Listening to my constituents is one of my chief priorities as a lawmaker. And I'm excited now to harness the fast-changing power of technology that's making it easier to stay in touch with my constituents in order to gauge their views and concerns.
I can hardly describe how excited I am about these favorable developments in the use of cutting-edge communications technology. It's not just about politics. Reversing a negative trend that many people feared had dangerous implications for the future is a boon to our community and our country.
According to a recent report by the Pew Research Center, young African Americans and Hispanics are among the most avid users of the internet, accessed by lower-cost mobile phones, instead of computers. This may be the beginning of a reversal of a decade-old trend of lagging computer use in minority households, which would add to existing handicaps.
I still receive -- and welcome -- the old reliable cards and letters. There's really nothing like a handwritten note from a constituent you've known for years. To keep the residents of my district abreast of what I'm doing for them in Washington, I also continue producing printed newsletters, which are delivered by mail to every residence and business address in Upper Manhattan.
But times are changing fast. In recent years, the bulk of communications from constituents are received by fax or e-mails -- instead of paper snail mail. Likewise, I am increasingly using electronic methods to send my messages out to constituents -- such as Twitter and Facebook, in addition to weekly e-newsletters. More recently, I've started to utilize a variety of even more innovative online and mobile applications. Using more sophisticated interactive applications, I am increasingly engaging in two-way conversations with my constituents.
Just last June, I reached out to more than 80,000 residents of my district in four telephone town hall meetings. These electronic gatherings allowed thousands of constituents to hear from me on a variety of important subjects, from health care reform to jobs -- without leaving their homes. In the same conversation, they were able to ask me questions (and get immediate responses from me), or to correspond with me later via my congressional website.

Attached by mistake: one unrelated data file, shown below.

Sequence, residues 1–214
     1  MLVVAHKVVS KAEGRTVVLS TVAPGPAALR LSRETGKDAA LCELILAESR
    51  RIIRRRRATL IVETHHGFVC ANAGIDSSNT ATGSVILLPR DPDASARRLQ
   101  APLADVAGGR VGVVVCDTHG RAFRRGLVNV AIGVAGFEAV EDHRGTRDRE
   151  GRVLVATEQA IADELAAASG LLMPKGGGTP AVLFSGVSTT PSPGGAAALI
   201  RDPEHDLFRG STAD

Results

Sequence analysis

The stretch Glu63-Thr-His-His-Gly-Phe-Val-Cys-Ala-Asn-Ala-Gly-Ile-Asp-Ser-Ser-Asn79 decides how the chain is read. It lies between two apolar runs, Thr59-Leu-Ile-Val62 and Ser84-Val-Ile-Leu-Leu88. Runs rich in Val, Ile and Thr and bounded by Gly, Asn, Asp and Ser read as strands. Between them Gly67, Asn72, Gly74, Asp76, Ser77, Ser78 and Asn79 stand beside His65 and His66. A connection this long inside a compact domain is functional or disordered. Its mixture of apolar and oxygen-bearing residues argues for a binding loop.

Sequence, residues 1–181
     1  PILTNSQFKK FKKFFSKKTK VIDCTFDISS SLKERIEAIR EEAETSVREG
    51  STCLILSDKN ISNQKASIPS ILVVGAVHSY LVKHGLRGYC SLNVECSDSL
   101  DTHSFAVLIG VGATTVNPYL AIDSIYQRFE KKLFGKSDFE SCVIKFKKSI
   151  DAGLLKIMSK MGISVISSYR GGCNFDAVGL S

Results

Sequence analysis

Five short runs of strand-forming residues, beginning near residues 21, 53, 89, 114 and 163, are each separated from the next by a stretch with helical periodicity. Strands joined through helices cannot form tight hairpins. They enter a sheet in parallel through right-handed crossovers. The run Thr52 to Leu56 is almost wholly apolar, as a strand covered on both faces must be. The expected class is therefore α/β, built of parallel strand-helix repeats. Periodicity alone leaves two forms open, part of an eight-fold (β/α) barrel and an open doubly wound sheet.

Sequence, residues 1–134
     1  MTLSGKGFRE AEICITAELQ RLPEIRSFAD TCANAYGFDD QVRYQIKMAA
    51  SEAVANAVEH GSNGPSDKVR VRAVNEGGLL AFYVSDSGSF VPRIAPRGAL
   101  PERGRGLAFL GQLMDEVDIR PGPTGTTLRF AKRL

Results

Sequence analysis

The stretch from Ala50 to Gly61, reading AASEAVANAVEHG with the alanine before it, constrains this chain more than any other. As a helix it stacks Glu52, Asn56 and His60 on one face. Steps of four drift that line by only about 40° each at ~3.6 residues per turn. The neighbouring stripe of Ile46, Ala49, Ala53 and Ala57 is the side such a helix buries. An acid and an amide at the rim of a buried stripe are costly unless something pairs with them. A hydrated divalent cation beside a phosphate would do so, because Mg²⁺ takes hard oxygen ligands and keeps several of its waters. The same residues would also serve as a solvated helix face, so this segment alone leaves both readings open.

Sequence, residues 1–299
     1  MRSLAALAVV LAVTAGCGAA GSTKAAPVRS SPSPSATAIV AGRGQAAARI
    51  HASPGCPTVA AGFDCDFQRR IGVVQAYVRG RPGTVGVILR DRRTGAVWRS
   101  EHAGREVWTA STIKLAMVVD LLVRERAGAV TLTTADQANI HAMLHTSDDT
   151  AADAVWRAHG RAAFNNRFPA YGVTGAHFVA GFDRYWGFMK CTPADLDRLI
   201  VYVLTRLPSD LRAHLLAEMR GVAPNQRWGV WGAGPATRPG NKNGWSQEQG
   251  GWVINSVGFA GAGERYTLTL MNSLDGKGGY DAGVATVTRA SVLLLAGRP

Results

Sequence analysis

The so-called new media allows me to communicate directly with my constituents -- without the filter of the news media. That doesn't make the press any less important in providing in-depth information and analysis. Rather, this direct, timely, and unbiased flow of data increasingly enables my constituents to receive, and react to, the most recent developments in Washington far faster than in the past. That's good for democracy and for the residents of my district.
Just last week, I became the first member of Congress to launch a new online and mobile application that allows me to share my voting record and viewpoints on major bills. It will also enable me to poll constituents on vital issues via their Facebook accounts or smartphones.
This application is my latest effort to interact with younger, tech-savvy constituents, and nearly 500 of them are already using this vote and polling application. It is also part of a trend of growing internet usage by younger people (most notably African American and Hispanic) in urban centers such as New York, Philadelphia, Chicago and Los Angeles. What we're witnessing is the shrinking of the so-called racial digital divide of the last decade.
I want to utilize every possible means of communication to interact with everyone in my district. And I believe engagement with cutting-edge technology not only enhances our democracy but empowers us as we compete with the rest of the world.